Monday, March 30, 2015 6:49 PM
I watched TV all day. I got caught up in “Muhammed Ali’s Greatest Fight” (2013) about the Supreme Court justices, and their clerks, at work on the decision whether to uphold Ali’s conviction for draft evasion—a conviction they ultimately reversed in a dramatic series of events (if we take the movie at face value). I felt it to be a stirring illustration of a point in time when reasonable men were confronted by their own prejudices and confused by the tug-of-war between the ‘traditions’ of racism and its incompatibility with even-handed protection of constitutional rights.
Then I saw a PBS documentary about the author/illustrator of “Mike Mulligan and His Steam Shovel” (1939), “Virginia Lee Burton: A Sense of Place”. This tells the story of the life and art of a “Renaissance woman”, innovative children’s book author/illustrator, textile designer, painter, and sculptor in granite, marble and wood. The film goes to places on Cape Ann that inspired ‘Jinnee’, including her home and studio, Folly Cove, Gloucester Harbor and the shores of the Atlantic Ocean.
Her designs of her children’s books reflected her efforts to compete with her sons’ fascination with comic books—one of the film’s commentators remarked that her books were the first examples of the graphic novel. She also founded Folly Cove Designs, a textile collective prominent during the Craft Art Revival era, employing many locals who went on to become accomplished craftspeople in their own right—the collective’s works were retailed in major stores and exhibited by several museums. When Virginia Lee Burton died in 1968, the remaining members of Folly Cove Designs decided to shut its doors.
Then I watched “The Valiant Hours” (1960), an American docudrama about William F. Halsey, Jr., and his efforts in fighting against Admiral Yamamoto and his Japanese Navy in the Guadalcanal campaign of World War II. This film was the sole product of James Cagney’s production company, and Cagney gives a great performance as Halsey. The story is a nail-biting bit of head-to-head between the US and the Japanese in the Pacific, with Guadalcanal becoming the high-water mark for Japanese conquest and the beginning of the turning of the tide of that war. Told from the point of view of an admiral who spends most of the battles sitting at his desk drinking coffee, the film is careful to annotate the fates of those regular marines with whom Halsey meets during his personal visit to the island.
That visit impacted the morale of the tired, struggling soldiers who felt on their last legs before Halsey even took over for poor Woolsey (whose only mistake, says Halsey in one scene, was in ‘getting there first’). Japanese intelligence even credited the strengthening of resistance among American forces to that visit. Moreover, it was in an attempt to bolster his own troops in the same way that Yamamoto was later shot down by American flyers in transit. The film is a wonderful tough-guy cameo of both the Admiral and of the War in the Pacific.
It occurred to me during all of this that I had, in some sense, outgrown fiction. Earlier in life, I’d been puzzled by people who never read novels or watched movies or TV, preferring to read only non-fiction. It seemed a draconian approach to information-gathering, since much of fictional art has a lot to say, both about the people and times of the story, and about the story-teller.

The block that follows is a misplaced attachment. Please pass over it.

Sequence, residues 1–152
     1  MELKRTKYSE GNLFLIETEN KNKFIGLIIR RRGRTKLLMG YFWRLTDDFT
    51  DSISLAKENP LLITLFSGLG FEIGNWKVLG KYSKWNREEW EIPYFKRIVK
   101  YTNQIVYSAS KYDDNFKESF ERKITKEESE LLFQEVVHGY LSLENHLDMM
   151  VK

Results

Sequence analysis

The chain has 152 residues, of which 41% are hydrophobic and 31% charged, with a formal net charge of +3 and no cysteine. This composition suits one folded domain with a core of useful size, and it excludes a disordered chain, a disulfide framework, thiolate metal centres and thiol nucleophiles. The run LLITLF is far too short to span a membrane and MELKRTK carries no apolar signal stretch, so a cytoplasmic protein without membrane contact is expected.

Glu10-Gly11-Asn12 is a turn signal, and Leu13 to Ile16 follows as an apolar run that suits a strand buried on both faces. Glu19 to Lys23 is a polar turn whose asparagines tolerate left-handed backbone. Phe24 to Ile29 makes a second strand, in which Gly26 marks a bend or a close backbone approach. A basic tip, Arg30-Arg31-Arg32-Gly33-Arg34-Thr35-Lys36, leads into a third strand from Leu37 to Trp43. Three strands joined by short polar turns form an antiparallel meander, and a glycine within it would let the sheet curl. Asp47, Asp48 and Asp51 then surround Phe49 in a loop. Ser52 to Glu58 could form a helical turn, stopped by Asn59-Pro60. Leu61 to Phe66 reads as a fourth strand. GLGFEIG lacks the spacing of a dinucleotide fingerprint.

And I don’t think that my recent change in taste is a concession to that point of view—but the information to be gathered from fiction has reached a point of diminishing returns for me—I’m familiar with the rough outlines of social, economic, and military history, with the cultural oddities to be found in Dicken’s London, Cervantes’ Spain, Michener’s America, and Clancy’s Cold-War, with the habits and jargon of Berkeley’s Broadway, Ford’s Old West, and an endless list of other times, places, and peoples.
Further, while this information source dries up for me, the settings, plotlines, conflicts, and dramatic devices become ever more familiar. I find that large swathes of popular culture are not only intended for the young, but are utterly predictable and unsurprising to an older audience. More importantly, the vicarious experience becomes problematical when the characters are concerned with something as jejune as first love or first career-step or becoming new parents. I can’t place myself in the action when the action concerns a teenager, or a twenty-something, or even a thirty-something.
The ultimate effect of most new movies that appear on my VOD menu is to make me depressed about how old I am, when I’m not in full critic mode, questioning the decisions made by the directors, the writers, or the actors. So I find myself, after the end of an interesting, fact-based program, desperate to find something of equal interest—something that treats with real life, rather than a diversion meant to make me laugh, feel desire, or dream of the future.
But there is a silver lining. The occasional excellent movie will be appreciated that much more—they do still make them, though they’re few and far between. Meanwhile, my health has improved to the point where I can read almost as much as I used to—and books have much better ‘pickings’ than cable TV when it comes to jaded, over-experienced audience-members like myself.